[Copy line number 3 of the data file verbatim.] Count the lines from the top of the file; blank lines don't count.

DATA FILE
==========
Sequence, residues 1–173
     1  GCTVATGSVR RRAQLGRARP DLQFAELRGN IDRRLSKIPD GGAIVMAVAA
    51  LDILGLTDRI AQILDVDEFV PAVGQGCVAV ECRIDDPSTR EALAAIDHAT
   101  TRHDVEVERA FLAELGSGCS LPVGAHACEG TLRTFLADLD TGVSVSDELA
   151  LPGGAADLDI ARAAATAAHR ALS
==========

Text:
    51  LDILGLTDRI AQILDVDEFV PAVGQGCVAV ECRIDDPSTR EALAAIDHAT